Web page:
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Eastern Iowa Airport’s “Travel Well” screening program sees positive feedback

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CEDAR RAPIDS, Iowa (KWWL) - The Eastern Iowa Airport (CID) launched their "Travel Well" program to screen outbound passengers on Monday, Jan. 25.

The health screening program is in collaboration with Mercy Medical Center and MercyCare Business Health Solutions. Mercy is staffing the program with health care screeners, a nurse on-site, and can bring in physicians through telehealth.

Passengers will be screened with simple health related questions, along with a temperature check. The process takes around 10 seconds. Those who pass with no symptoms move on to standard TSA screening.

Those with temperatures above 100.4 degrees Fahrenheit, will move on to a second screening in a private room to meet with a health care professional to determine the condition. It will then be up to the airline if the passenger flies or not.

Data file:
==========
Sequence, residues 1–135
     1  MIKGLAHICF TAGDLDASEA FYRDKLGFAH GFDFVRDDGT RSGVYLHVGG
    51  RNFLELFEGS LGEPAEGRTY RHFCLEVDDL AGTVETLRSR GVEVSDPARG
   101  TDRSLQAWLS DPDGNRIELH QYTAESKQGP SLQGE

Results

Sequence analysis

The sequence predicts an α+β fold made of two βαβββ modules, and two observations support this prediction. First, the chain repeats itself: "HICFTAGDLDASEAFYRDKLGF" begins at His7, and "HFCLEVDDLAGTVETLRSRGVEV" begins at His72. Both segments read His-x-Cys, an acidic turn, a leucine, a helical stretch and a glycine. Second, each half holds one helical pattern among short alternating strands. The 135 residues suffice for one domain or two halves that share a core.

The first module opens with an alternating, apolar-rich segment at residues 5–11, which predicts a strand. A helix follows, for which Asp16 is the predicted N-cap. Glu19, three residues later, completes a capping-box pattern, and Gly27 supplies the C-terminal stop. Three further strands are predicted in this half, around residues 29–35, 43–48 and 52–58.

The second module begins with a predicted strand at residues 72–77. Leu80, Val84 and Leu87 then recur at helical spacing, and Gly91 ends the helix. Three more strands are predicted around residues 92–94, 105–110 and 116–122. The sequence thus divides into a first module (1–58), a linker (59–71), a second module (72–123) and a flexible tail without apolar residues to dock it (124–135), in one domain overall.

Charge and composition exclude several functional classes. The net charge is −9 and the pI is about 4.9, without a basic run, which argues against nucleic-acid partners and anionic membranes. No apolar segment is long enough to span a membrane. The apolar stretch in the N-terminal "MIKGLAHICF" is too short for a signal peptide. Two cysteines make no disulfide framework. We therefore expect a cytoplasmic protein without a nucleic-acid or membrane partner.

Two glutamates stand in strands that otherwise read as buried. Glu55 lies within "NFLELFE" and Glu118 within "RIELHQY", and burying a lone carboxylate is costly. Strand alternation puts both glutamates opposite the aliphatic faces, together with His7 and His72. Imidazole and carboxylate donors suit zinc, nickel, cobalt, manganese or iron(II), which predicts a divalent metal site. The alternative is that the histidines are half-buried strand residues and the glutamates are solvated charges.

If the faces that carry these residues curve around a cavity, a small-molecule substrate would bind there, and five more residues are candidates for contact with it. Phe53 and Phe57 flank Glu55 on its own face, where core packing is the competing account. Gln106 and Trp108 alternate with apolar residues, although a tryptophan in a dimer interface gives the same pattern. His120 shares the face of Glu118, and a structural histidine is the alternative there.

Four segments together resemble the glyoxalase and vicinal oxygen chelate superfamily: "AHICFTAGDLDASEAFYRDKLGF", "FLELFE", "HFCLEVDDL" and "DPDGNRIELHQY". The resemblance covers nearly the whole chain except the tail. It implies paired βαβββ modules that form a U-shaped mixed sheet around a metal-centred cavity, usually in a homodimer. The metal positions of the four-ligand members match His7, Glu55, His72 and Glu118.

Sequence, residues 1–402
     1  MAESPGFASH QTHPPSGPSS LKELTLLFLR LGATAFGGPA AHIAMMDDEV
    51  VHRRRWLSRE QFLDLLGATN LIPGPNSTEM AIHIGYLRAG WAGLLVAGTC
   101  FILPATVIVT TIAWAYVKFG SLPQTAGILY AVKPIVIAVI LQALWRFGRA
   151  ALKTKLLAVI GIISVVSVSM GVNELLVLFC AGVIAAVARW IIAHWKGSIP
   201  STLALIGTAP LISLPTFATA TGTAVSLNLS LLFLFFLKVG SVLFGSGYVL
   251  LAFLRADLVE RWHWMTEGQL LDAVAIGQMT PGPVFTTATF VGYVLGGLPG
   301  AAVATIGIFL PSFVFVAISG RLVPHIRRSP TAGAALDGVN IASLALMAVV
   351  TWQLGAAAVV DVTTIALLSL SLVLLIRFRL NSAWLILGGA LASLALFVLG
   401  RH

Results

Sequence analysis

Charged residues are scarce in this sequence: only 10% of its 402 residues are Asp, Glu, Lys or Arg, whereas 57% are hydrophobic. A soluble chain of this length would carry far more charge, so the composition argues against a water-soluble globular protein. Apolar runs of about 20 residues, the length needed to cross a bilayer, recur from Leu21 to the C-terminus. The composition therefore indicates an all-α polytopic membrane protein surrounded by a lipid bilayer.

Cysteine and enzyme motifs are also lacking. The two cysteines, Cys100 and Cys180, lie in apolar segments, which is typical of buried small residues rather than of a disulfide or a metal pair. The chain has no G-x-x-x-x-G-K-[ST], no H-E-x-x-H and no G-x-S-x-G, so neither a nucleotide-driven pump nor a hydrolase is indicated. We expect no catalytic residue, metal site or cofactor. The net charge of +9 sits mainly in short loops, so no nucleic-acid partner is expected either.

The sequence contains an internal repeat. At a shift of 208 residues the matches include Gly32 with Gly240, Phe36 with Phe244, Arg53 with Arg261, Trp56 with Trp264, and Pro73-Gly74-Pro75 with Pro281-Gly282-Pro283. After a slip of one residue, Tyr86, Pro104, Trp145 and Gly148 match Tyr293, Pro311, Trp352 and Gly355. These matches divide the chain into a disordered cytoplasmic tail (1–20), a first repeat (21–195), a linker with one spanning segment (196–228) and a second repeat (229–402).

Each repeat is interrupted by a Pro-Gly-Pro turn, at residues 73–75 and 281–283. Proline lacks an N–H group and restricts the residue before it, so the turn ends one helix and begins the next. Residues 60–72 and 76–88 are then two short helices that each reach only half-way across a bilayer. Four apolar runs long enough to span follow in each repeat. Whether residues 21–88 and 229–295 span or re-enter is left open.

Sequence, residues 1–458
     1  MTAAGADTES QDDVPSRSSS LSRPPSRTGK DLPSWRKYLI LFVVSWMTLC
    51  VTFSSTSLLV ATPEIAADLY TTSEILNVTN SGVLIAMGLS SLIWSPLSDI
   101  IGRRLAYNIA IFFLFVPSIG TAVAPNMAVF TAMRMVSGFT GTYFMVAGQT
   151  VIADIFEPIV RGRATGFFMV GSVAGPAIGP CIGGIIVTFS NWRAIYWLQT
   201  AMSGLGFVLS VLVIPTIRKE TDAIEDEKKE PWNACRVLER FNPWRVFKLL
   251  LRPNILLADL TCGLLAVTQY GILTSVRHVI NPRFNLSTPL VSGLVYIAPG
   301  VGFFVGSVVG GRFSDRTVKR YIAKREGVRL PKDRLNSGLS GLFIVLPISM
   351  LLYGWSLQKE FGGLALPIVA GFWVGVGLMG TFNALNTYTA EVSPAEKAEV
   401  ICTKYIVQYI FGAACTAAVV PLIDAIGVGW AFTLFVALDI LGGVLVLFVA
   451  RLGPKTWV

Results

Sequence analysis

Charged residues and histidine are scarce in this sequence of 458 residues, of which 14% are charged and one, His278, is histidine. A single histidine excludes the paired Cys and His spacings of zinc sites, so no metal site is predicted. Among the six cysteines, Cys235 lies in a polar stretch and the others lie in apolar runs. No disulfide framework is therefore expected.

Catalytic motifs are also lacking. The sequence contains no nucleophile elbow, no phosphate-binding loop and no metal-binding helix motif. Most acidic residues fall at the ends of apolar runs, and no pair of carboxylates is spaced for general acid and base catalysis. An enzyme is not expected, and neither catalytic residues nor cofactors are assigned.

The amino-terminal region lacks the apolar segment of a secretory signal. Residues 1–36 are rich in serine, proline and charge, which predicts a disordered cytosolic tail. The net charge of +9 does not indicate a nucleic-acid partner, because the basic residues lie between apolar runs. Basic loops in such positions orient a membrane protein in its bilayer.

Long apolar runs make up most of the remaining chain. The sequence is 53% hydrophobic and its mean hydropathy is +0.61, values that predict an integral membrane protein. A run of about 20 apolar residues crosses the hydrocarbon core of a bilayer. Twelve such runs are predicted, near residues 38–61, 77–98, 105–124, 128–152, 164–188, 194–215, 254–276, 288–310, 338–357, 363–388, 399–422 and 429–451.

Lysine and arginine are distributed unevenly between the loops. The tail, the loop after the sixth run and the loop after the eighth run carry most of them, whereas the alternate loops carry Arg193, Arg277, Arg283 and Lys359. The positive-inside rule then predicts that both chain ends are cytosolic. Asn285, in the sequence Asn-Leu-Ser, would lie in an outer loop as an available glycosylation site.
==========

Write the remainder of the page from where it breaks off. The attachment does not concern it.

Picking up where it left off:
"Our goal is, it's one more layer into improving people's confidence level on air travel, feeling comfortable about traveling again and slowing the overall spread of COVID," airport director Marty Lenss said.

The initial feedback of the program has been positive and appreciative, with 70 survey responses from the first day of "Travel Well."

CID has not had to turn anyone away three days into the program, and no one has refused the screening. If someone were to refuse the screening they would not be granted access to the gates.

The program is funded through the Coronavirus Aid, Relief and Economic Security Act (CARES) fund grant that CID received earlier this year. The equipment cost around $80,000 and the annual contract with Mercy Medical Center is approximately $700,000 - $800,000.

"We're hopefully playing our part and role in trying to help slow the spread of COVID, and restore air travel confidence, because air travel has been hit hard by the pandemic," Lenss said.

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Kennedy DeRaedt


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